Police Commissioner Gary Griffith has renewed his call for the Government to consider the regulation and legalization of pepper spray as a form of personal protection, particularly for women.
Griffith made the call during a community town meeting held at the New Grant Primary School on Monday afternoon.
Some residents had expressed concerns over the repurposing of the St Marys Police Post and the Tableland Police Station but Griffith assured that services will remain unchanged and the stations will remain open.
Speaking about an increase in home invasions and attacks in the rural community, Griffith said pepper spray will prevent kidnappings and assaults.
Princes Town MP Barry Padarath asked Griffith to give an update on the regulation of pepper spray. However, Griffith said he was not in charge of policy formation.
“The most I can do is give my guidance and recommendations in my capacity as Commissioner of Police,” he said.
He added, “There are things that I have the operational capability to do and I will do it but there are also things that I would need to recommend to make an amendment.”
Griffith said he had submitted his findings and made submissions about pepper spray sometime ago.
He chided detractors for saying that pepper spray should not be legalized because it will get into the hands of criminals.
“I wish that criminals would use pepper spray because right now they using guns. So the concept of saying that they should not issue pepper spray because criminals will get it, then you should ban cutlasses, hockey sticks, ban a brick, “ he added.
He noted that if the pepper spray is registered for use, citizens could apply for a license to use it.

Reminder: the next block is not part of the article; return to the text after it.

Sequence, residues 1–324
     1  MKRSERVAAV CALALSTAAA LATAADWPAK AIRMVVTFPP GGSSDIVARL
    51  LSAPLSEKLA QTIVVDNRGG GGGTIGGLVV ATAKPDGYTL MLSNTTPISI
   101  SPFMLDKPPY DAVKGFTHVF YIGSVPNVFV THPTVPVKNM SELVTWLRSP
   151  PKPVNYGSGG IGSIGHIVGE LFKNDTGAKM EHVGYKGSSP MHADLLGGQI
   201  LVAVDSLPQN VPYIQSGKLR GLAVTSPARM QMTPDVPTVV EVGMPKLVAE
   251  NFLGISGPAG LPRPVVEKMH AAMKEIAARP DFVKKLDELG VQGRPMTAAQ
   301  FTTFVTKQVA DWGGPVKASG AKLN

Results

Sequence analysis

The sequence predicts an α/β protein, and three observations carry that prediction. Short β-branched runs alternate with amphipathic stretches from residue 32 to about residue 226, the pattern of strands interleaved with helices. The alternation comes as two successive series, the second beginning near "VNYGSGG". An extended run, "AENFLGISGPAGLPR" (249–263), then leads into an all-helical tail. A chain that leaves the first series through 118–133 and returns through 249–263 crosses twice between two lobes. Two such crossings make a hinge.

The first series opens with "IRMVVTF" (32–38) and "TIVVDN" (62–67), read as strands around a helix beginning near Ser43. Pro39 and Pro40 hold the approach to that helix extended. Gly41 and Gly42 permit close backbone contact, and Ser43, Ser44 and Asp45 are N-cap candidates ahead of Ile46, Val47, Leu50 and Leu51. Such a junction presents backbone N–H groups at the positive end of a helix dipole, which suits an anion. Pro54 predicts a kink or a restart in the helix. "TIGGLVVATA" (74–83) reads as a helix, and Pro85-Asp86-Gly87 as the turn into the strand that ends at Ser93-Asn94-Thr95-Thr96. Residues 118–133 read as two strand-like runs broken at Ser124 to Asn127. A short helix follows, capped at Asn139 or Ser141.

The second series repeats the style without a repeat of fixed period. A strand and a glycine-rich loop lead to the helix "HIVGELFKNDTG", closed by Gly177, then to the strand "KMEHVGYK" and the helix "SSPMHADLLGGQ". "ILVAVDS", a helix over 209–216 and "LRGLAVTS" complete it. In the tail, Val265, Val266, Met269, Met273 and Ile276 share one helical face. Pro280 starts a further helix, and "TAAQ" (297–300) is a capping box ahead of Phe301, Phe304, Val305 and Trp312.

This would mean that proper documentation will be available on any person owning pepper spray.
“Pepper spray has proven to be effective for tens of thousands of women around the world and their lives have been saved because pepper spray gives you a fighting chance to escape and that is sometimes all that people need- a chance to escape,” he said.
Griffith added, “I did the research in dozens of countries and there are avenues that can be used to regulate pepper spray to allow citizens to protect themselves. That will help me to protect you.”
He also responded to questions about inadequate resources for the TTPS, posed by Padarath and Moruga MP Michelle Benjamin.
Griffith said the TTPS was facing a debt of over $150 million, noting that because of the state of the economy, there had been huge cuts in expenditure.
“The Budget allocation for us was just $530 million and that has to pay all the bills. I was able to cut that by $80 million because I was able to look at every single thing and reduce cost because I ran the Police Service as a business,” Griffith said.
However, he said even though $80 million was saved, the TTPS was given $100 million short to pay its bills from the last fiscal year.
“So I went into this fiscal year owing suppliers nearly $100 million. We did not get the funding for the last four months of this fiscal year so we are in debt of $150 million. It is difficult to run a service with dealing with electricity, maintenance, repairs, training, uniform, fuel and all IT technology with a zero budget. I spent most of the time speaking with suppliers asking them to hold,” he revealed.
Griffith said he was expecting to get a financial release from the Government this week.